Germans are stereotyped the world for many things, but their efficiency, meticulousness, and desire for order might be the best-known. Elaborate filing systems, with their own naming devices, color-coding and dates, are things I’m no stranger to (and in fact, I might be known as well for being a little OCD about tracking my documents). The difference? My stuff is all online. And Germany’s? Well, it comes via the Post.
THE POST. It’s almost like a punchline. I could go days in San Francisco without receiving anything in the mail besides the flimsy grocery coupons and some catalogues addressed to the previous tenant. But in Germany, if I don’t check my box every day, I am missing out on crucial information. That includes: key bank statements, passwords, customer numbers, and log-in information, in addition to bills and important notices. And God forbid one of these important bits of paper gets accidentally thrown out—because there’s basically no way to retrieve that information unless (you guessed it) they send you another copy by mail.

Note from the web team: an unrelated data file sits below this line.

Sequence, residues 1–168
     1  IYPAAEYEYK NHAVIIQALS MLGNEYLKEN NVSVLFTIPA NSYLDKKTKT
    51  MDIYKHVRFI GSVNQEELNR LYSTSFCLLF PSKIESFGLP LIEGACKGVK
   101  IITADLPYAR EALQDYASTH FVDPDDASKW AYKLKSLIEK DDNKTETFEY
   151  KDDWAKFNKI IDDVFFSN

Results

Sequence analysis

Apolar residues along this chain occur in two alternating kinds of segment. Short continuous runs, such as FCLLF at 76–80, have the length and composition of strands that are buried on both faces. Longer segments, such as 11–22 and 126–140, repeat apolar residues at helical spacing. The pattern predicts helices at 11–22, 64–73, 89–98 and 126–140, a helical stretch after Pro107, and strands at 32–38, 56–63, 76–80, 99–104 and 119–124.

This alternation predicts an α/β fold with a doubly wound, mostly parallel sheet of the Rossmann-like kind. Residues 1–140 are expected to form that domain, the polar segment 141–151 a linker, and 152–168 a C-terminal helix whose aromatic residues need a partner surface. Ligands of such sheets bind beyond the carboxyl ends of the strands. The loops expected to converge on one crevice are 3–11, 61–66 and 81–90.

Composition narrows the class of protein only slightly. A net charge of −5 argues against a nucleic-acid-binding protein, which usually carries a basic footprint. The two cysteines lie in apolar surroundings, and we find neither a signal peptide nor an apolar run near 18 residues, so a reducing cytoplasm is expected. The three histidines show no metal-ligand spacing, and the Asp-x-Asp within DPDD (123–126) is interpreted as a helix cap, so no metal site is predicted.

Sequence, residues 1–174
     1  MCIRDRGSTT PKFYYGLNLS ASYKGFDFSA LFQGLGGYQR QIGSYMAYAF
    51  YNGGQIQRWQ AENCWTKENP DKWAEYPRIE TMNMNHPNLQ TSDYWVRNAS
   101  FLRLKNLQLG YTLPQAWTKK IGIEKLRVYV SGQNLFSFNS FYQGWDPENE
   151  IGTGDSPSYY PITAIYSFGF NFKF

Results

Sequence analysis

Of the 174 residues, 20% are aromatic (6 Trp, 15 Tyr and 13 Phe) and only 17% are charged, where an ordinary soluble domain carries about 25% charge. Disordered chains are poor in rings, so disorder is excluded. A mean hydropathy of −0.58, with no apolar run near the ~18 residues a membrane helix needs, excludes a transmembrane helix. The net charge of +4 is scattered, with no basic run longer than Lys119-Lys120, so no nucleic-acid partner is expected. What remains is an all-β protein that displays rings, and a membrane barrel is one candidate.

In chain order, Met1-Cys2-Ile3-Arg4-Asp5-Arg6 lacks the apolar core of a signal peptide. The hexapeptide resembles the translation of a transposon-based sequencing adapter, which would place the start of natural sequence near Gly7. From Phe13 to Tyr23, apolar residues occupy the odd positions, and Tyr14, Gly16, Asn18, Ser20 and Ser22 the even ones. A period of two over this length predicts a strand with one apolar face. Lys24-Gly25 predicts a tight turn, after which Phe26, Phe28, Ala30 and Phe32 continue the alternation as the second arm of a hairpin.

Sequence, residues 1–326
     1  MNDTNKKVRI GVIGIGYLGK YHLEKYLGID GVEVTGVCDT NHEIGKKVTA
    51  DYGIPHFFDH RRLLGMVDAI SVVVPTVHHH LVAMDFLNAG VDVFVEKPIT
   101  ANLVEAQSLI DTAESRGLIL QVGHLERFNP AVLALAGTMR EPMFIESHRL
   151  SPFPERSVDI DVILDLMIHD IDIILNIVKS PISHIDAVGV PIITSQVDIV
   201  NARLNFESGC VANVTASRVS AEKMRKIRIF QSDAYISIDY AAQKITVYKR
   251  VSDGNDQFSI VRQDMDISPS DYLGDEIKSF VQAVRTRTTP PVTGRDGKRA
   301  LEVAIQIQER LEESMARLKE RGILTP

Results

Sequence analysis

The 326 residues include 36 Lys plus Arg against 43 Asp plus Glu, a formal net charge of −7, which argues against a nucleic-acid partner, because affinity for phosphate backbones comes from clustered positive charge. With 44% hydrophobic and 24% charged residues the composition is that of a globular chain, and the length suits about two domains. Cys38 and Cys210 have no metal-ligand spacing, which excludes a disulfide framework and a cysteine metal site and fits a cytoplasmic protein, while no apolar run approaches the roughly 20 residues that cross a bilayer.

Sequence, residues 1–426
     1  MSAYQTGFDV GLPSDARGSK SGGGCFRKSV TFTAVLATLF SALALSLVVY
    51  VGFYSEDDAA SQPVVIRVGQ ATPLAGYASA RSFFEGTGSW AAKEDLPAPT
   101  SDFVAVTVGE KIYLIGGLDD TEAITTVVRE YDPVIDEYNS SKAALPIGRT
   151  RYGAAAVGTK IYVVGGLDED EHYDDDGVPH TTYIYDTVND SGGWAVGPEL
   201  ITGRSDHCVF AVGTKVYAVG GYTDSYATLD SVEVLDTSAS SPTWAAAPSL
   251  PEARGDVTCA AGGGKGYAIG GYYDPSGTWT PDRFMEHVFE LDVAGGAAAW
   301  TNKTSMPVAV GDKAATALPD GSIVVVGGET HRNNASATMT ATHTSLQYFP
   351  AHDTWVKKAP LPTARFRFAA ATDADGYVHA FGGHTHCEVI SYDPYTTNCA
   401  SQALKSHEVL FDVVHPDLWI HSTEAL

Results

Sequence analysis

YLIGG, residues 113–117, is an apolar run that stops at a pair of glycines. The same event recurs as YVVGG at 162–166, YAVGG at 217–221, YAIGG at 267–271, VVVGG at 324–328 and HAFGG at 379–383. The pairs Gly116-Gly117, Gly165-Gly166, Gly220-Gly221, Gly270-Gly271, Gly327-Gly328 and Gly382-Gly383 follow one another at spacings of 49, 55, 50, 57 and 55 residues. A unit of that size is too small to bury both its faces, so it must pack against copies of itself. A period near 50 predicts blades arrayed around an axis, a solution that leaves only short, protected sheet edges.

And these pieces aren’t standalone. Oftentimes, the information in one letter unlocks the other—a mailbox version of the DaVinci Code. For example, my username for my bank login came in one envelope, and several days later, a password arrived. I also got a separate letter stating my account was active. That’s not only three distinct pieces of paper—it’s three distinct mailings!
I figured there has to be a way to opt-out of these mailings and get them sent digitally instead. But despite the fact that this is 2016…it was a no-go. So like a good little German-in-training, I bought myself a file box and some clear folders. (Confession: the colored post-it flags I already had). If this is how it goes in Germany, I guess there’s nothing left to do but carry the mail.